Major Credit Card Networks Pull Out of Russia

Move limits card use for Russians abroad and foreigners in Russia

Shoppers go past closed store in the Vegas shopping mall on March 4, 2022 in Moscow, Russia.
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Oleg Nikishin / Getty Images

Adding to sanctions aimed at ending Russia’s invasion of Ukraine, credit card networks Visa, Mastercard, and American Express suspended operations in Russia over the weekend. 

While the day-to-day impact on Russians may be limited, the U.S. State Department said the credit card restrictions could cause difficulties for Americans buying airplane tickets out of the country, and advised using cash or alternate credit cards, or having friends or family outside Russia buy their tickets. 

The suspensions mean ATM and credit cards issued by banks in Russia won’t work outside Russian borders, and conversely, cards issued outside of Russia won’t work in the country, the three networks said in separate statements. The goal is to influence the war by isolating Russian people and businesses from the international community, and the companies acknowledged there would be unintended consequences.

“We don’t take this decision lightly,” Mastercard said in its statement, indicating it hoped to “restore operations” when it’s appropriate.

“We regret the impact this will have on our valued colleagues, and on the clients, partners, merchants and cardholders we serve in Russia,” Visa Chief Executive Officer Al Kelly said in a statement. “This war and the ongoing threat to peace and stability demand we respond in line with our values.”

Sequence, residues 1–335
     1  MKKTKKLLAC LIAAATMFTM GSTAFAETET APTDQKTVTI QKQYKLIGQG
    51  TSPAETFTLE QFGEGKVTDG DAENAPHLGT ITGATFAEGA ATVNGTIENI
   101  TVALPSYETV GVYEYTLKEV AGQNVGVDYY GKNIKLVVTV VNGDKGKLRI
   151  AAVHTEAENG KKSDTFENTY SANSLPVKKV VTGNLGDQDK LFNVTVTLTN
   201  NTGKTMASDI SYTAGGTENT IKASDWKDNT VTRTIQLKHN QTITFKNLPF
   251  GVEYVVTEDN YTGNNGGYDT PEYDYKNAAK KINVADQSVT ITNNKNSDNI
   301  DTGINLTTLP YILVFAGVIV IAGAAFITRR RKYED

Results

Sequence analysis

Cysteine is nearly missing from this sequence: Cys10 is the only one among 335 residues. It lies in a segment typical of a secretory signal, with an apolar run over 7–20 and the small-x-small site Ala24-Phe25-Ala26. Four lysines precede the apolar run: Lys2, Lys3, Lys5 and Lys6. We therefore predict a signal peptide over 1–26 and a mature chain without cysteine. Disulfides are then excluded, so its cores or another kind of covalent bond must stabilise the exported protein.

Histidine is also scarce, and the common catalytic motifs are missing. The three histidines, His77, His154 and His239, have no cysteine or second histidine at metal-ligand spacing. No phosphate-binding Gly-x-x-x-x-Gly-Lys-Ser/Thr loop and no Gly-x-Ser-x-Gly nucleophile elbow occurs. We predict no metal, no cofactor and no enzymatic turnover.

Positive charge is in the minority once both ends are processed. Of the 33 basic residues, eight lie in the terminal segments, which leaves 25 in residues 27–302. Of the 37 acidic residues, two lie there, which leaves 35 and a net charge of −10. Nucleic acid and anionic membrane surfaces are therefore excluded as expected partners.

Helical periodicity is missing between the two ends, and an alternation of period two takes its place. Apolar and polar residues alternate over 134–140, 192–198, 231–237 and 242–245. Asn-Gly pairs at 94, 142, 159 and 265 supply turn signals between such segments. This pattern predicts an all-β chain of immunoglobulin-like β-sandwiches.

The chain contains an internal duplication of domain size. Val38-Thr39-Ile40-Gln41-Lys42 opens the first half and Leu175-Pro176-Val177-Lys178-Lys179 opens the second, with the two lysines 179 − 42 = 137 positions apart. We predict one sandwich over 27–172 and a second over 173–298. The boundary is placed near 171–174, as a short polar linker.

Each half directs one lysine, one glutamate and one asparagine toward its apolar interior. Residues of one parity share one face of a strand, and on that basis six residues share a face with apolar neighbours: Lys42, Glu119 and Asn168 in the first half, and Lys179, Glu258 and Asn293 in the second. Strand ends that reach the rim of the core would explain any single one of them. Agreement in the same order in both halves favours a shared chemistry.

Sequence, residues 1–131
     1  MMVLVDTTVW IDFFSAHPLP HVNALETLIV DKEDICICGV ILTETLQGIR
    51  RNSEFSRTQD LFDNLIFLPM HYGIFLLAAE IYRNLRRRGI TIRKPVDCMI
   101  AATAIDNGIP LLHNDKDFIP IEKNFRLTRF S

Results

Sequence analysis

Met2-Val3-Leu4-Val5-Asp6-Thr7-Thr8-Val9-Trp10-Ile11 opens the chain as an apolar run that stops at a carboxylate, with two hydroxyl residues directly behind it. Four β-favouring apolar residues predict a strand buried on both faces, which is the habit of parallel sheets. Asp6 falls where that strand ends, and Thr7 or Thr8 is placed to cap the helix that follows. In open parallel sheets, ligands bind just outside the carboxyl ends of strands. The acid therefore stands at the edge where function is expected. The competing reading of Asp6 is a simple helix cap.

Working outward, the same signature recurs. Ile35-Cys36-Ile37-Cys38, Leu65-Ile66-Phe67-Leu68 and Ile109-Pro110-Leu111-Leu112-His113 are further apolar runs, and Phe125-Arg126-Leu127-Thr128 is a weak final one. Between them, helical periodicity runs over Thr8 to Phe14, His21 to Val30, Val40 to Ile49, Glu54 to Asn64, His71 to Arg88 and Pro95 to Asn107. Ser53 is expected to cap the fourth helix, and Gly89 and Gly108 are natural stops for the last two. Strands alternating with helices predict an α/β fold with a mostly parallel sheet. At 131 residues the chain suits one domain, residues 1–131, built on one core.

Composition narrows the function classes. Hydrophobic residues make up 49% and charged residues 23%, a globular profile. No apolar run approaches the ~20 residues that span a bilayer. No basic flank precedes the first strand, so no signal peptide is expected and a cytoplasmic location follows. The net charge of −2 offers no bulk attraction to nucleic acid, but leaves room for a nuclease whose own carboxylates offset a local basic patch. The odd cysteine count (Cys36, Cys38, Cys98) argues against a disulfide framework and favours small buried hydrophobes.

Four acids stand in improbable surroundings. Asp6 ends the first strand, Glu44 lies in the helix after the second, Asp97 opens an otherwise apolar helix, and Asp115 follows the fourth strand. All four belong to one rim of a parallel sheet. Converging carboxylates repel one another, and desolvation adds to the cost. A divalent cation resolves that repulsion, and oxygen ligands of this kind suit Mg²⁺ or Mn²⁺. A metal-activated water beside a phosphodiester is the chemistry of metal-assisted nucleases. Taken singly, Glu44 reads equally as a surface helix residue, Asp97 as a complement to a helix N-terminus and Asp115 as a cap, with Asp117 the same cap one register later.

Visa and Mastercard cards issued by Russian banks will still work within Russian borders, according to a Sunday announcement by the operator of Mir, a Russian payment processing system that the government established several years ago to help resist previous sanctions. The announcement didn’t mention American Express, though American Express itself only noted the cross-border limitations.

With all the disruptions to the normal financial system, it’s possible that Russian citizens could use cryptocurrency for some transactions, according to Salman Banaei, co-head of public policy at Chainalysis, a cryptocurrency compliance firm.  Russian citizens have adopted crypto at relatively high rates, though so far there hasn’t been an increase in transactions there, he said in an email.

The Russian financial system is already reeling after some Russian banks were cut off from SWIFT, an international financial messaging system, as part of a host of sanctions. This reportedly sent Russians flocking to ATMs to withdraw money.

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